The headlines are saying that the reason for yesterday’s market implosion and today’s poor opening is Italy and its deadlocked election.
Don’t believe it.
The reality is that there were systemic risks to the market’s rally, and the 15% or so added from mid-November to mid-February was too much for even the bulls to bear. We were ripe for a pullback, and investors just used Italy as an excuse.
I recently penned an article about 7 reasons a pullback was coming, and they all had to do with systemic risks. These are much more important to the sustainability of the rally than Italy — and I remain convinced that these are the reasons that stocks are sliding across the board.
After all, housing stocks sold off en masse yesterday. Do you think PulteGroup (NYSE:PHM) or Toll Brothers (NYSE:TOL) has a lot to do with Italian politics? No … but they were overbought after a face-ripping run in the last several months and needed an excuse to cool off.
That’s what Italy is: An excuse for a sell-off, nothing more.
This is not to say that the Italian election does not matter. There are serious risks in Europe, from the continued debt trouble to the U.K. flirting with a triple-dip recession to continued layoffs as eurozone businesses suffer.
But just last week, another boogeyman was blamed for the market tanking: Ben Bernanke.
Remember when the Dow shed triple digits on those vague Federal Reserve minutes? It made for a good headline to say that the Fed would tighten policy early, even if there is no proof action is coming and the minutes were vague. But apparently it didn’t matter much if investors have already moved on to the next excuse.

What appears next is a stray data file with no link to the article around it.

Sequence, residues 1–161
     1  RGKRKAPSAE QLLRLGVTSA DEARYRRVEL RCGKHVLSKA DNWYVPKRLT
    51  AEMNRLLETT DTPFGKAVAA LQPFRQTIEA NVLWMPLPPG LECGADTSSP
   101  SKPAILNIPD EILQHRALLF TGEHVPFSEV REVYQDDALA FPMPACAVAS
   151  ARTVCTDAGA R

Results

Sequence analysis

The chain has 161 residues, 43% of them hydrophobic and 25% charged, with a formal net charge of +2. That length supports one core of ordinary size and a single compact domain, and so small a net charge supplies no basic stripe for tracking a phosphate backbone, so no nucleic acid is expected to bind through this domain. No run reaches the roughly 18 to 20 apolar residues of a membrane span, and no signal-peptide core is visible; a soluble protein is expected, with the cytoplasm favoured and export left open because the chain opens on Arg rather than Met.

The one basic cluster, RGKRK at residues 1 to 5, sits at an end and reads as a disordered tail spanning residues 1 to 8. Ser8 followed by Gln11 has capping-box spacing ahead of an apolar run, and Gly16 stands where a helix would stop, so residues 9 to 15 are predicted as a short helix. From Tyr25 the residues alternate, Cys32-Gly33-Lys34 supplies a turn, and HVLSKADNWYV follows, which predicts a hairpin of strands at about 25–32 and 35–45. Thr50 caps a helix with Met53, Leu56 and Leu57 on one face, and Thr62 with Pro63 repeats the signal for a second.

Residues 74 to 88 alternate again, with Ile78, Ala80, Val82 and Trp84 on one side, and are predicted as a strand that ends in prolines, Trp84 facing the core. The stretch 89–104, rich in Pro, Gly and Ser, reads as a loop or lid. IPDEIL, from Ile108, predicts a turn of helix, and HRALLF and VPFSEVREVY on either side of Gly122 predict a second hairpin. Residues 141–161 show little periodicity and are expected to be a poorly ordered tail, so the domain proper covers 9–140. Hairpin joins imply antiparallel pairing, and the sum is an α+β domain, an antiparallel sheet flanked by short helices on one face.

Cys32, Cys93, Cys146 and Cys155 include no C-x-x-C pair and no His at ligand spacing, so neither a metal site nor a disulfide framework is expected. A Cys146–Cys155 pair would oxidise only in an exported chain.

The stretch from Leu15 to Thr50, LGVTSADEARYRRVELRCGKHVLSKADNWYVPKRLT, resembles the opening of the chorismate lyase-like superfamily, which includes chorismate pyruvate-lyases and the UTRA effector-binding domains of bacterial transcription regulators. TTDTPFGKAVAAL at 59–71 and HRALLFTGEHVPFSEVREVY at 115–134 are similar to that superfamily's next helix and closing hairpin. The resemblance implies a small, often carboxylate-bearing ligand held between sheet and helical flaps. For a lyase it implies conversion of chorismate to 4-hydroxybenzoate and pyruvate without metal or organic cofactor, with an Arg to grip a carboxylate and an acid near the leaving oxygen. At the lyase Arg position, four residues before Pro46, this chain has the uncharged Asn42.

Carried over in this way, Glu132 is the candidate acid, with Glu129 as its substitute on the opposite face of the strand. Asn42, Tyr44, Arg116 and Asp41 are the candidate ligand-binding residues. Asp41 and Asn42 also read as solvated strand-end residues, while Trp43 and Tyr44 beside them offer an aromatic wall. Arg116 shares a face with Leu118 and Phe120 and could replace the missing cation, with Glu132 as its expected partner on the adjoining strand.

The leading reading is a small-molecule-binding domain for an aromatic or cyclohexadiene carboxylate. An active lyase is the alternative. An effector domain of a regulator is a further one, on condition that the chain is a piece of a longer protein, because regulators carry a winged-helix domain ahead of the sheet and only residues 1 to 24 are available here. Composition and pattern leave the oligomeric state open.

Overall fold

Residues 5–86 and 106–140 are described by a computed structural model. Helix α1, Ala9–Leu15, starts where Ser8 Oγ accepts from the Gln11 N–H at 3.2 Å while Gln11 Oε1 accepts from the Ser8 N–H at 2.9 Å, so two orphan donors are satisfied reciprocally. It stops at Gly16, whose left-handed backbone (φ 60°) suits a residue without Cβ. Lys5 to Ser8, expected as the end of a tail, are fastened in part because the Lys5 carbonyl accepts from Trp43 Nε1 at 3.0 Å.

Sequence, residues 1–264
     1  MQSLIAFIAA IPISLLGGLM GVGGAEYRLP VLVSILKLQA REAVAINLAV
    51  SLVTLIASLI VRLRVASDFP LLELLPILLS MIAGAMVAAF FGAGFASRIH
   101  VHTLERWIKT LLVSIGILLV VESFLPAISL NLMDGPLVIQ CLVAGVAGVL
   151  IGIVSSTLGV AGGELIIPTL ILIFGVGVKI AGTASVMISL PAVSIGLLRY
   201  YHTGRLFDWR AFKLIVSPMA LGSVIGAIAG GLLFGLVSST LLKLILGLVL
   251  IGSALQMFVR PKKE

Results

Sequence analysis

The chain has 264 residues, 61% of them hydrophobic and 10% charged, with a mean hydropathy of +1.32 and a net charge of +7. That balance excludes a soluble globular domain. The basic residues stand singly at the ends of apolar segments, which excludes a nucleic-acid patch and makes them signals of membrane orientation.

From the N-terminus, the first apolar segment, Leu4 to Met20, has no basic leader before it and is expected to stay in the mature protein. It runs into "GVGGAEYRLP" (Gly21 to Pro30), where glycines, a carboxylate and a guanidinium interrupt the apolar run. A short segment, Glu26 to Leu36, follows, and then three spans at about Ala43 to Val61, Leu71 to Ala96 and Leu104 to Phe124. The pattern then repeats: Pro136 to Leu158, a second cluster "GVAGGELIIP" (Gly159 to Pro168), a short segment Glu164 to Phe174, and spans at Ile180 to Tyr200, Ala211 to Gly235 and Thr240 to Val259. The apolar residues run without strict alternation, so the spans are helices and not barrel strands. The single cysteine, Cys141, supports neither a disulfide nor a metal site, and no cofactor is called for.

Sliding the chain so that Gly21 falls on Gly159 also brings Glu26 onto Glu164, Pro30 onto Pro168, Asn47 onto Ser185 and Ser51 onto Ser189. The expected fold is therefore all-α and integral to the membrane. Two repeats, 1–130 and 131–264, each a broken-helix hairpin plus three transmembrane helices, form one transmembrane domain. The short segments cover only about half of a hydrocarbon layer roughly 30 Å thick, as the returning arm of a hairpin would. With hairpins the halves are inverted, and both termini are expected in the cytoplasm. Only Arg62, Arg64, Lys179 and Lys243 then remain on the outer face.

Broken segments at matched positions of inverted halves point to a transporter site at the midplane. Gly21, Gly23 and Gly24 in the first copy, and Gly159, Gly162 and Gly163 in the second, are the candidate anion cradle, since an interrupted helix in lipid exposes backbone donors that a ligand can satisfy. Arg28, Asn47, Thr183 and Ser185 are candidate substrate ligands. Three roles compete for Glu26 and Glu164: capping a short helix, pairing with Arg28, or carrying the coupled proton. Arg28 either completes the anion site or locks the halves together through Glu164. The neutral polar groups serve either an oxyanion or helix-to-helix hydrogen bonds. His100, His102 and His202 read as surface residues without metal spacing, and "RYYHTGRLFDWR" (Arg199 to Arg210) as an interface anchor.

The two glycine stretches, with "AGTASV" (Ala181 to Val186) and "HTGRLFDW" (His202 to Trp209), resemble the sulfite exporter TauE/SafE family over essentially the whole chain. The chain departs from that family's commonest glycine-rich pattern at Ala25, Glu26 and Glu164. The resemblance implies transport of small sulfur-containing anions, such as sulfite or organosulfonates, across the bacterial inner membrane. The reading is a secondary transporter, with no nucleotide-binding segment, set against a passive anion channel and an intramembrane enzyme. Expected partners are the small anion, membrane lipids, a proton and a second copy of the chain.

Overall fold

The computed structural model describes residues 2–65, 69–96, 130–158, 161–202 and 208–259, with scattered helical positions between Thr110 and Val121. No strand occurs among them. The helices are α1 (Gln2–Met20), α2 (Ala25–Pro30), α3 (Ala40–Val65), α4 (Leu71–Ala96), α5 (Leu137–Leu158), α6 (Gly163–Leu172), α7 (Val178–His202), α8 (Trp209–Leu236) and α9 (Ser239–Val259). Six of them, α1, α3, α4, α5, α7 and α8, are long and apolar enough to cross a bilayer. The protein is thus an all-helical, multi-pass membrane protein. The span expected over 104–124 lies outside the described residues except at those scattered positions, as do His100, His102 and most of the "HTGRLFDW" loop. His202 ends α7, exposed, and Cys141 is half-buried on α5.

Oh yeah and the yield on 10-year T-notes actually slid significantly, from just over 2% to a low of 1.838% yesterday. So much for higher rates, eh?
But we forgot the excuse of the Fed and have moved on to the excuse of Italy. And next time a big headline comes out we will latch on to that one.
This is what the financial media does. We oversimplify, write catchy headlines and act like correlation is causation.
But in truth the market has a heck of a lot more to do with sentiment right now and the long-term sustainability of a rally that most investors think has pushed stocks a bit too, far too fast.
- On the other hand, Joe Weisenthal thinks Italy caused the entire globe to freak out. (Business Insider)
- The euro is now at a six-week low. (Reuters)
- If you care about the politics, here’s why Italians vote for Berlusconi. (NYT)
Jeff Reeves is the editor of InvestorPlace.com and the author of “The Frugal Investor’s Guide to Finding Great Stocks.” Write him at firstname.lastname@example.org or follow him on Twitter via @JeffReevesIP. As of this writing, he did not own a position in any of the stocks named here.